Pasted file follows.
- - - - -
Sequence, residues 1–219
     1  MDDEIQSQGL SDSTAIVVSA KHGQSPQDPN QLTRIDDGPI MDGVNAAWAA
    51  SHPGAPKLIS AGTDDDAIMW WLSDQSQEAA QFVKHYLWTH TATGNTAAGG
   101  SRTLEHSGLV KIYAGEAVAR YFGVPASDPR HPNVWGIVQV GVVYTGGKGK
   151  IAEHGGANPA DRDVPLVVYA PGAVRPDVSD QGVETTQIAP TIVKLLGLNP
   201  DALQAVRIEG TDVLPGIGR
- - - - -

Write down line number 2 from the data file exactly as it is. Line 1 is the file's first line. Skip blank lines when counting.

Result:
     1  MDDEIQSQGL SDSTAIVVSA KHGQSPQDPN QLTRIDDGPI MDGVNAAWAA